Member Rara Avis
And if we are able to take our anger out playing video games, Isn't killing a couple thousand of polygons better that an actual person?
But that's precisely where I start having serious problems with this whole issue.
There are three ways to deal with anger.
One way is to suppress it, something most of us do on an almost daily basis. Your boss is a jerk, your teacher is an idiot, and your parents just don't have a clue. But as reasonably intelligent humans, we quickly learn that expressing our anger at authority figures usually carries a price. So we swallow our anger and let it become a dense knot of dissatisfaction lodged uncomfortably just south of the sternum. Contrary to common wisdom, suppressing your anger isn't necessarily unhealthy. Most of the time, your boss turns around and does something nice or your teacher gives you a good grade or your parents tell you how proud they are and all the anger that was swallowed melts into nothingness. Suppression of anger only becomes unhealthy, I think, when it becomes constant and the lump continues to grow.
The other common way to deal with anger, and the one suggested here, is to redirect it. When I was a teen, and later in the Marines, I used boxing to that end. I'm sure violent video games would serve the same purpose, and probably with a lot fewer bruises than I suffered. Unfortunately, redirecting anger is just another way of suppressing it. That's fine as long as the knot in our guts melts from time to time, but when the anger is allowed to continuously grow, the redirection has a terrible tendency to grow with it. For most people, hitting people while in the ring or shooting imaginary snipers is a harmless diversion. But for those who cannot rid themselves of their anger, it is a step in the wrong direction. As the anger escalates, so too does the violence, until gloves and little buttons are no longer enough. What was a diversion for most becomes a path for a few. Tragedy ensues, and people suffer.
Both suppression and redirection of anger necessarily depend on other people to help us melt the lump of anger in our gut. I get mad at my boss. He does something nice. The anger dissipates. But if I get mad at my boss over and over and over, and he never seems to do anything to counter-balance my anger, something is going to eventually blow.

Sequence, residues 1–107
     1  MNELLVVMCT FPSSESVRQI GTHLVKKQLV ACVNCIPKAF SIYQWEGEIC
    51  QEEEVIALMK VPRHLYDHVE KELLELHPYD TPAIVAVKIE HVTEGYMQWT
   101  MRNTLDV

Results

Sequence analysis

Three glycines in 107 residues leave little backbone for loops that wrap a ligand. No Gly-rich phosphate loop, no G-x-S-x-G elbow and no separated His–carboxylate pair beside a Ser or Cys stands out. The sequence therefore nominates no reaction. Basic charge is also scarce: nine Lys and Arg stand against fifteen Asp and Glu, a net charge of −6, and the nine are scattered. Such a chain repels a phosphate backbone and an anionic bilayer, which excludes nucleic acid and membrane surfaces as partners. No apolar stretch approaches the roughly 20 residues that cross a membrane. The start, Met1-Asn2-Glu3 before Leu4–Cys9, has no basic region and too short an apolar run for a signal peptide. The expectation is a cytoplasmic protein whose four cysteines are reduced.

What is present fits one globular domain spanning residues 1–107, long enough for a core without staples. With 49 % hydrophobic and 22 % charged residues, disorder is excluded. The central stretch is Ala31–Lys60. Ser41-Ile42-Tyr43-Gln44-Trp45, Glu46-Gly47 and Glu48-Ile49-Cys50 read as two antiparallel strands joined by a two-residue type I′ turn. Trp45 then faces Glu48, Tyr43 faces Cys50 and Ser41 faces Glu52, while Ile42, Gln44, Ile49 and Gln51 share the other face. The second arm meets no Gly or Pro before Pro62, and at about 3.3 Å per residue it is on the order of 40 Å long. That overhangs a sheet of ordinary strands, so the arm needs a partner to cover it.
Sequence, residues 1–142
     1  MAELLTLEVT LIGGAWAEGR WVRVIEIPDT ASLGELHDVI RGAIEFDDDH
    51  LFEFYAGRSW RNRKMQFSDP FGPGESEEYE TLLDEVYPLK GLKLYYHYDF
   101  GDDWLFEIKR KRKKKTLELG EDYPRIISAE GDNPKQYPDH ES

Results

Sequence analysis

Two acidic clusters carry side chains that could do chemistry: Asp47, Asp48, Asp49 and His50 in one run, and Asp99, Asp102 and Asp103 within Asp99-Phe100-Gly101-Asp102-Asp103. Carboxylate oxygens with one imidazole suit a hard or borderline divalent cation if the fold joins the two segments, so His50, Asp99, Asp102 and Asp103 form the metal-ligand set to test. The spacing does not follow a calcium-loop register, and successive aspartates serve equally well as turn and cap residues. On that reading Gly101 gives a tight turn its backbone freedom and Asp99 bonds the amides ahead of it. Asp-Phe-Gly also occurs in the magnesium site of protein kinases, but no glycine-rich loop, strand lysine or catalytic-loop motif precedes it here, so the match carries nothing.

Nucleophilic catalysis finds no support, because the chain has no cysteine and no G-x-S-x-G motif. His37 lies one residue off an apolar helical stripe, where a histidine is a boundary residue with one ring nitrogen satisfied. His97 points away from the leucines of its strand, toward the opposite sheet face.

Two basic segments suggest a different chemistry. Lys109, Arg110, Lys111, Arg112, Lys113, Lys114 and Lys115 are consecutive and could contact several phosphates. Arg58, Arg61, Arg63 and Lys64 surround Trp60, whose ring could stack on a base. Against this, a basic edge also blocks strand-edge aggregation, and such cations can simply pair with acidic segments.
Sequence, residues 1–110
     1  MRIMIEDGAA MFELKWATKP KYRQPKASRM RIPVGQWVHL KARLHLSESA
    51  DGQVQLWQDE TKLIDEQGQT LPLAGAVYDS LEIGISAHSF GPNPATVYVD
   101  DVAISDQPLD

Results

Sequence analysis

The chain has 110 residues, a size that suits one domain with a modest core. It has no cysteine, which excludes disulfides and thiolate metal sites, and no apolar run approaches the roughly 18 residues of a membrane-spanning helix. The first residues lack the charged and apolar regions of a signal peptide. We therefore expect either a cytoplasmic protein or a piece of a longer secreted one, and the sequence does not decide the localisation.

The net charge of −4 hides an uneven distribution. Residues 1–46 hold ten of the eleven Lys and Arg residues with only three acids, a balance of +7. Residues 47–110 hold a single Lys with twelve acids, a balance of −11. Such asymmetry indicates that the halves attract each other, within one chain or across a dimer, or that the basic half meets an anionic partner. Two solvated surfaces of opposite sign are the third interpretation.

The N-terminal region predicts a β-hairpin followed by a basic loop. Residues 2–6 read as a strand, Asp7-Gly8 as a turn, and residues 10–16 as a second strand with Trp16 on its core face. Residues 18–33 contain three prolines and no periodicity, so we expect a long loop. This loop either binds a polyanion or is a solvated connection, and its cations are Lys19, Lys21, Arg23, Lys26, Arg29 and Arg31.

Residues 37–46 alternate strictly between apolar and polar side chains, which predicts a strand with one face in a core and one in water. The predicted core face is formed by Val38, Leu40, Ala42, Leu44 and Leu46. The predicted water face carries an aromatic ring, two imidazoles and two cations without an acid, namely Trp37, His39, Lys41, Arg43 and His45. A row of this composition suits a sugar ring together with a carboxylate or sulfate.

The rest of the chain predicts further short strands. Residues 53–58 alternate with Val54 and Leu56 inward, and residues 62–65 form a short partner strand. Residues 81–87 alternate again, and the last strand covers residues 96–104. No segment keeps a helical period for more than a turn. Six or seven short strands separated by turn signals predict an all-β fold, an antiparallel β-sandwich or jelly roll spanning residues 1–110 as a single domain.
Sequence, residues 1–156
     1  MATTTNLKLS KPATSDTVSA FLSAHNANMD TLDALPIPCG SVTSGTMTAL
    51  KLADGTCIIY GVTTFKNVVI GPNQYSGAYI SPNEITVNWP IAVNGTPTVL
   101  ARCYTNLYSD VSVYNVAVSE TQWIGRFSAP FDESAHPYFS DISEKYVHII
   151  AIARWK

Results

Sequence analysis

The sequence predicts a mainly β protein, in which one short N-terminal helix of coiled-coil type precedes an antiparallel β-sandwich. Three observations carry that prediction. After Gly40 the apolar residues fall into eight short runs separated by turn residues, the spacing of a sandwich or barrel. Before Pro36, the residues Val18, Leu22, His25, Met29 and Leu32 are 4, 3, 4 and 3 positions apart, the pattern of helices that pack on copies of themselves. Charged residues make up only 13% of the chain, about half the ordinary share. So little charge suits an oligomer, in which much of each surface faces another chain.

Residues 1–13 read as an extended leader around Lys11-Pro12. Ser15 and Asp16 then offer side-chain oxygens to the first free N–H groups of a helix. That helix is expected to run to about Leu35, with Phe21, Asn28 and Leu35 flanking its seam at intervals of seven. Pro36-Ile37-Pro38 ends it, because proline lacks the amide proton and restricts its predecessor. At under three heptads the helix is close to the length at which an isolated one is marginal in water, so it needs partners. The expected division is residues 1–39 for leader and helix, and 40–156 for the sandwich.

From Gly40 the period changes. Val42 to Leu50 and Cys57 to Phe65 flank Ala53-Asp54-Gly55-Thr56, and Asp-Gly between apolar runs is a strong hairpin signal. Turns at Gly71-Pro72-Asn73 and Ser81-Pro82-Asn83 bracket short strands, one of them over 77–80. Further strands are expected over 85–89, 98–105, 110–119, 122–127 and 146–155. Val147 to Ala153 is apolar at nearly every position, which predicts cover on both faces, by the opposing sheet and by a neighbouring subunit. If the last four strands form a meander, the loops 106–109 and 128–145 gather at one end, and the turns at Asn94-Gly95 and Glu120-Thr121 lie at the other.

I believe there is a third way to deal with anger, one that doesn't depend on others. I believe it is the only way that truly works.
The first step is to stop trying to control other people. I'm guessing that 98 percent of the anger in this world is a direct result of wanting someone else to do (or be) something and having them refuse to cooperate. This is particularly true, I think, in close relationships. I want her to call more often. I want him to send flowers for no reason. I want more respect. I want to be trusted. Anytime you allow your happiness to depend on the actions of another human being, I guarantee you will eventually be hurt, disappointed, and angry. This is particularly ironic, I think, because most of the time what you think you want isn't really what you need. You don't really want flowers for no reason. You want reassurance and security, and that will NEVER come from someone else. Wanting something from someone else usually reflects something missing in yourself. Deal with that, instead, and stop putting your destiny in someone else's hands. When you stop trying to control people and let them be who they are, you'll rid yourself of most reasons to get angry.
The second step is to stop letting other people control you. This is even tougher for most of us than the first step. Why are teens, as a group, often more angry than adults. A large part of it, I think, is because they feel as if they have no control over their own lives. If you absolutely positively NEED that job or that friendship or that relationship, then you have lost control of your own life. And nothing, I think, is more likely to lead to anger than that feeling of helplessness. The alternative, of course, is to have enough confidence in yourself to know you can get a better job or a better friendship or a more fulfilling relationship. You may ultimately choose to do none of those things, but giving yourself the option by believing you can will restore your own sense of control.
Finally, I believe the only real way to deal with anger is to learn to understand other people. Learn to recognize their imperfections and appreciate them for who they are. Your boss is a total jerk? WHY is he a jerk? I guarantee if you learn to see his motivations and desires, his insecurities and frailties, if you truly gain a deep understanding of who he is, you will no longer be able to be angry at him. You might still well disagree with what he does, but your understanding will temper your anger. That little knot just below the sternum will fade because of YOUR actions, not because of someone else's.
In my opinion, video games, most movies, and most television are all a complete waste of time. But in moderation, that's not necessarily a bad thing. Humans NEED to waste time, maybe just as much as we need to eat and sleep. I don't think video games need to be justified beyond their simple enjoyment, and they most certainly should not be used for anger management. To paraphrase a common slogan, video games don't kill people. People kill people.